Are Three of Largest Zagreb Roads Set to Get Third Lanes?

By 21 December 2019

As Poslovni Dnevnik writes on the 21st of December, 2019, the divestment itself, as they have also pointed out from the City of Zagreb, would allow for a much higher acceptance of traffic on these Zagreb roads, and thus relieve the city centre of traffic, which would also help in a more accurate timetable for public transport.

A third lane and partial denivelation appear to be in the City of Zagreb's plans. The level of traffic in Zagreb these days has caused issues, so, after the City of Zagreb announced a call for proposals for the conceptual design of an extension to Kranjčevićeva, they are now looking to complete a traffic study that will solve the traffic jams on three main Zagreb roads: Slavonska, Zagrebačka and Ljubljanska avenues, Vecernji list writes.

All of this will come with a price tag of 800,000 kuna, and the new design of the Zagreb roads should demonstrate the ability to avoid the congestion that, from west to east, sees about 80,000 vehicles every day as they cross those particular avenues.

For those who want to do a traffic study for the City of Zagreb, this should be done according to a project assignment that already states clearly that the whole problem could be solved by adding a third lane to the currently predominantly two-lane Zagreb roads, and in parts, it should be levelled because these additional traffic jams, at least according to the city government, are created at intersections.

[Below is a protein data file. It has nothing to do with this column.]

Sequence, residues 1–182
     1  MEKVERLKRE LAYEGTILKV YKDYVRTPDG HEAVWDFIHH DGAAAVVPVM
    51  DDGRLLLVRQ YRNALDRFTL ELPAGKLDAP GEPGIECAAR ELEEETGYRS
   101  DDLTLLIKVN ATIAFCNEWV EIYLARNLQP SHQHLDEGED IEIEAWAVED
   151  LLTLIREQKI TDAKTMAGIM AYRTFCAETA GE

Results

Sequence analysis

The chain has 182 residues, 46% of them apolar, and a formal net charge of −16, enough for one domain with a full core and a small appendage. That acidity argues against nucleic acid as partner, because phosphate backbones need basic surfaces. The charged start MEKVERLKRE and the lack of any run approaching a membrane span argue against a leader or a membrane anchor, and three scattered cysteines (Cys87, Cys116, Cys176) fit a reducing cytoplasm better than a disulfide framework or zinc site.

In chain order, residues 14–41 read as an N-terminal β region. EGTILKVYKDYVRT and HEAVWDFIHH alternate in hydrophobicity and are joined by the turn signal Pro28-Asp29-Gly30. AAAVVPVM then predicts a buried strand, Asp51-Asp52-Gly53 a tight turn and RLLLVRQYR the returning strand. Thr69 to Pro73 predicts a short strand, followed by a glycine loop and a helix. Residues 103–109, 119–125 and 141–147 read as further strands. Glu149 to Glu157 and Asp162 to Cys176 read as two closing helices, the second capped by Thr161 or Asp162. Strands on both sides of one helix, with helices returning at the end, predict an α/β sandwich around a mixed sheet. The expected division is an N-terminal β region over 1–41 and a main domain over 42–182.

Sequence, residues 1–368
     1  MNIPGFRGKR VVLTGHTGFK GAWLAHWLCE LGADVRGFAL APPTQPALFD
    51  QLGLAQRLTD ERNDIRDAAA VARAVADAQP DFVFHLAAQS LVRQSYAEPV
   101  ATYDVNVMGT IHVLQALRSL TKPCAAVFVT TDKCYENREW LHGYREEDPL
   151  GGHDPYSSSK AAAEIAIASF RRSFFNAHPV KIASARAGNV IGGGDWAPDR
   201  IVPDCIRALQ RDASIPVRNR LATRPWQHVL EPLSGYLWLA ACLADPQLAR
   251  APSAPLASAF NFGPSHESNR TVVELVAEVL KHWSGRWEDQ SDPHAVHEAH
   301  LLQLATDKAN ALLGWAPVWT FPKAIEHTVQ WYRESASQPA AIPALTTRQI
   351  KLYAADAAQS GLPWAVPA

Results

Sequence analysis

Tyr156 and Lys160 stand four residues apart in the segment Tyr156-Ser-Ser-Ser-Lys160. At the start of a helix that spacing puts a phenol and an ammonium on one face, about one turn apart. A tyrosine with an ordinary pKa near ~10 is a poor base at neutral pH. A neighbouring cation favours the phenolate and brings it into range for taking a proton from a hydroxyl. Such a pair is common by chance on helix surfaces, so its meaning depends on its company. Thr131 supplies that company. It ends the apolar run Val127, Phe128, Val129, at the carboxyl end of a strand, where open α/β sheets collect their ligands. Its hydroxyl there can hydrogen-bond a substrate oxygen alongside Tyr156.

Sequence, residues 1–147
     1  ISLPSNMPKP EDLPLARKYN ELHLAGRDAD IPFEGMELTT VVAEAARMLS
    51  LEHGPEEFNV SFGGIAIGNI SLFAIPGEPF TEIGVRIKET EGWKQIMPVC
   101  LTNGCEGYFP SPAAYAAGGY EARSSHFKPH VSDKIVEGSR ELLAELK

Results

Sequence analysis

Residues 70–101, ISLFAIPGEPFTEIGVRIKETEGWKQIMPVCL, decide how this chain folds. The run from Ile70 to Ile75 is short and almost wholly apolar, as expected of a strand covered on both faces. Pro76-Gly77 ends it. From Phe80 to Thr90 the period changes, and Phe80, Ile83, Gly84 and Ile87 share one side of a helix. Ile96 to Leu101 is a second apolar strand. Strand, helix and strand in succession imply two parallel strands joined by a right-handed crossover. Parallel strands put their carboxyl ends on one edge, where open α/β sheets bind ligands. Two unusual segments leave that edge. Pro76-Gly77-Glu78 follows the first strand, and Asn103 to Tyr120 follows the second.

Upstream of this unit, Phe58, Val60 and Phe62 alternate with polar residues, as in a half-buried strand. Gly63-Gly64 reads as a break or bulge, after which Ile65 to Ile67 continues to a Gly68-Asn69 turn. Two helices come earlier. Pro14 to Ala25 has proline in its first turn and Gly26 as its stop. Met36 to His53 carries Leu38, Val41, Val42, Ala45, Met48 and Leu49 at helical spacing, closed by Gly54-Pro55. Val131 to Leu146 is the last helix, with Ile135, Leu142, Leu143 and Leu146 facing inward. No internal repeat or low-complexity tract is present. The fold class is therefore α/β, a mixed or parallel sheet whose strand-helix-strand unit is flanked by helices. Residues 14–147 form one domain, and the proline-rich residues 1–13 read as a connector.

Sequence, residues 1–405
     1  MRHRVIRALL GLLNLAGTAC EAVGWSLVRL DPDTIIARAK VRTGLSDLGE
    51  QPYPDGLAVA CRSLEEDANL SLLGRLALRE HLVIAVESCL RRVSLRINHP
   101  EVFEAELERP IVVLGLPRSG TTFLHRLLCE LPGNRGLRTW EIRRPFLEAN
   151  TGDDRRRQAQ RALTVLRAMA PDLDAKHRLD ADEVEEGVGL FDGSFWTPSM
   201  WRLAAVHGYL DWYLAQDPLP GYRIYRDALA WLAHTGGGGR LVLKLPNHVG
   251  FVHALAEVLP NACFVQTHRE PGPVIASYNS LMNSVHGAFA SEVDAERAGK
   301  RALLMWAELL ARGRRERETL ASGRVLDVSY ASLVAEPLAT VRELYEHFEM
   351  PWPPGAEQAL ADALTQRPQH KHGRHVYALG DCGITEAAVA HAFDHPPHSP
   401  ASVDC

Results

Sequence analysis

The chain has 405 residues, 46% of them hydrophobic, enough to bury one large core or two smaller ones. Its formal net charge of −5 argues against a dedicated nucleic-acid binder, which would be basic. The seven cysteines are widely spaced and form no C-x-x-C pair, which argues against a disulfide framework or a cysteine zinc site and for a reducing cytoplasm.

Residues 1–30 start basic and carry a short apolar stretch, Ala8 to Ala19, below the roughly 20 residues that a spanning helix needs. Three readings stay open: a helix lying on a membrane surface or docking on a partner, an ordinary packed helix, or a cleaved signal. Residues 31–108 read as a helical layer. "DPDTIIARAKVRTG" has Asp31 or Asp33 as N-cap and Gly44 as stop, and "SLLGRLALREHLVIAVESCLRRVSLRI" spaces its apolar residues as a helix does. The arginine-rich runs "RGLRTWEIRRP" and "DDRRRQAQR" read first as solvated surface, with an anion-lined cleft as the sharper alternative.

''At peak traffic intervals, saturation is present on certain sections or throughout the avenues. One of the causes of congestion is that most of the intersections on that corridor are at the same level with the roads that connect to it. Despite the fact that all intersections are equipped with state-of-the-art signalling devices and equipment that works depending on the amount of traffic, it's very demanding to try to harmonise the signalling plans, which will allow for the satisfactory flow and travel time of the cars, due to the high traffic load and the limited capacity of roads,'' they stated from the city government.

They want the traffic study they are commissioning to show whether the avenues should be widened to add another lane and whether they should level or "possibly reshape" the existing traffic lights, which are now level with other connecting roads.

The experts who will conducted the 800,000 kuna traffic study must, among other things, count the vehicles along the corridor of the three aforementioned Zagreb roads and anticipate what will happen to the volume of cars, buses and trucks by 2030 if no road interventions are made and no action is taken, at the minimum of what is now being proposed.

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